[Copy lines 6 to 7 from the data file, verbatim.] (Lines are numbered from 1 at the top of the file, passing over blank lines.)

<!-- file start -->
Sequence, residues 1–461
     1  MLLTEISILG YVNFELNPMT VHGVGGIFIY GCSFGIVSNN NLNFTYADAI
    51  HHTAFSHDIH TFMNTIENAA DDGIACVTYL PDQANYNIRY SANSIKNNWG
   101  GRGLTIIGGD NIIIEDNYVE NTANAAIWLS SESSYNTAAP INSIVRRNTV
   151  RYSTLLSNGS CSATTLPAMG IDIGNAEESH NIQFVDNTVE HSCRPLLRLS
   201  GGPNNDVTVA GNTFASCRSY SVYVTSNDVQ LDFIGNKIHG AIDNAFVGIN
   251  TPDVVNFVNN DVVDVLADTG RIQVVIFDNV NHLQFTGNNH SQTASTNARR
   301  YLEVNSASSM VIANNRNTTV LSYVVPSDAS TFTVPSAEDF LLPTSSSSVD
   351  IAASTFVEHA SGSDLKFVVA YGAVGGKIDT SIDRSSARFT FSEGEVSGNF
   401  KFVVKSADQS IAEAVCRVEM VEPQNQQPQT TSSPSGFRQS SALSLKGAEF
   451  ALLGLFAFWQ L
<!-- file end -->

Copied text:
   201  GGPNNDVTVA GNTFASCRSY SVYVTSNDVQ LDFIGNKIHG AIDNAFVGIN
   251  TPDVVNFVNN DVVDVLADTG RIQVVIFDNV NHLQFTGNNH SQTASTNARR